What are Periodontal Pockets?

Gum disease is often classified into two groups Gingivitis and Periodontitis;

In health, the gum should form a tight cuff around each tooth, this cuff should measure somewhere between 1 and 3 millimetres, when probed by a dentist or hygienist.

Is inflammation of the gums or Gingiva. When plaque is left on the gum margin the gum reacts to the bacteria in the plaque by becoming inflamed, often appearing red and swollen, with a tendency to bleed. At this stage it is quite easily reversed with good oral hygiene at home and scaling with the dentist or hygienist.

Is the inflammation of the gums and the supporting structures of the teeth (the periodontium). Longstanding gingivitis can progress to periodontitis if left untreated. As the gums become more inflamed, the once tight cuff can become deeper, forming a periodontal pocket. This can progress, gradually affecting the bone and ligaments that hold your teeth in place. As the depth of the pocket increases more plaque and tartar can form on the the root surface of the tooth, below the gum level. This area becomes increasingly difficult to clean at home as the pockets become deeper and harder to access. If left untreated periodontitis can; destroy the bone supporting the teeth, cause recurrent gum infections, teeth to become loose, and ultimately can lead to tooth loss.

The most important treatment of gingivitis and periodontitis happens at home on a daily basis. It is recommended that patients clean their teeth twice a day, preferably with an electric toothbrush for at least two minutes. As well as toothbrushing it is important to use something, in between all the teeth, at least once a day. Floss or interdental brushes for example. The dentist or hygienist can help tailor oral hygiene advice to individual patients’. Explaining areas that need special attention, and possibly recommending additional oral hygiene aids.

Treatment at the practice will vary according to the severity of the gum disease. Patients with gingivitis may only need a general scale and polish every 6 months, when the gums will be assessed, any tartar removed, and advice regarding home care given.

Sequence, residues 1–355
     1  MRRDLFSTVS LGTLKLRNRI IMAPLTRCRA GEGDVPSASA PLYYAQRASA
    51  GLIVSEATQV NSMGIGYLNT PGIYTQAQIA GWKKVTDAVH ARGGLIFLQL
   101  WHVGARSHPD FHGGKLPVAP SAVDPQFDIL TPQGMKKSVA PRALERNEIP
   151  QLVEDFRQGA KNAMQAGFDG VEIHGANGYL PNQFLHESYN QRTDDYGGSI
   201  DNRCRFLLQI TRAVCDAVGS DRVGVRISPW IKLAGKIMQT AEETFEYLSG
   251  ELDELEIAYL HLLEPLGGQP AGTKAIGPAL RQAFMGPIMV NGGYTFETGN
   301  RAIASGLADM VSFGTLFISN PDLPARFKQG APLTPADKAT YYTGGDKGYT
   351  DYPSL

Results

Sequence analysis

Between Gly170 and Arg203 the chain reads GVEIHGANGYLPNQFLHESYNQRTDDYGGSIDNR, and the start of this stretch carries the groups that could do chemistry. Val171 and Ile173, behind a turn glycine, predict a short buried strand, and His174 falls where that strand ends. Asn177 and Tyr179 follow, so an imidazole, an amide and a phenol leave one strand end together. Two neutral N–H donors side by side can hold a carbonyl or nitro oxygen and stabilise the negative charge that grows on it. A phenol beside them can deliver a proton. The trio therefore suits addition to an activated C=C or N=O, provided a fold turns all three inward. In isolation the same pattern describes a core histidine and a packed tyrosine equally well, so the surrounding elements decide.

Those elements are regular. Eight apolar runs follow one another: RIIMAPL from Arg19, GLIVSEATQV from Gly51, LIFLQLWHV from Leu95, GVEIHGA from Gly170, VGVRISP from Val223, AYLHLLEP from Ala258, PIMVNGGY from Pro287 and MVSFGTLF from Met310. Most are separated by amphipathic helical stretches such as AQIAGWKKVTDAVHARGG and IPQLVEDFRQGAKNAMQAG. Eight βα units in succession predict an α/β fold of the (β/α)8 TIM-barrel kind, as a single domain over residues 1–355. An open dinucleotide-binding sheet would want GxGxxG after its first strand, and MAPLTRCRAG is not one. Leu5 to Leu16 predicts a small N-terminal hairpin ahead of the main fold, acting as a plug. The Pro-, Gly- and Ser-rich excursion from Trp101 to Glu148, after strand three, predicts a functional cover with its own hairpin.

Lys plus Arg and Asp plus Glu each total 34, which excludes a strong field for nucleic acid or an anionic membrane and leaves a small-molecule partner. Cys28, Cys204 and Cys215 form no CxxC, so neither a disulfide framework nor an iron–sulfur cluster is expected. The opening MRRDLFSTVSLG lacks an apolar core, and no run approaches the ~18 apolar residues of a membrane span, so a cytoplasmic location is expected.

Treatment for periodontitis will again vary according to each patient’s need but will include;
Oral hygiene advice to improve plaque control.
A detailed charting of the pockets known as a 6 point pocket chart. This is when a probe is inserted into the pocket so the dentist or hygienist can measure the depth of the pocketing in millimetres at 6 points around each tooth. This enables the clinician to assess and monitor the patient’s condition and creates a very detailed map of the distribution of the pocketing.
Deep scaling and root debridement will be carried out, sometimes over a series of 4 or 6 appointments with local anaesthetic if necessary. This is usually, and preferably, carried out using an “ultrasonic scaler”. This instrument disturbs the harmful bacterial layer that exists under the gum known as the Biofilm, and therefore promotes healing.

If a patient’s pocketing improves or is stable the hygienist or dentist might suggest a 3 monthly recall for scaling and monitoring. Patients who have periodontitis with deep pockets that don’t respond to non surgical scaling and root debridement, have the option of being referred to see a specialist periodontist.

If you have any questions regarding your own periodontal health please don’t hesitate to ask your dentist or hygienist.

Jo Loram
Dip Dent Hygiene Lond
Hygienist at Tavern Street Dental Practice

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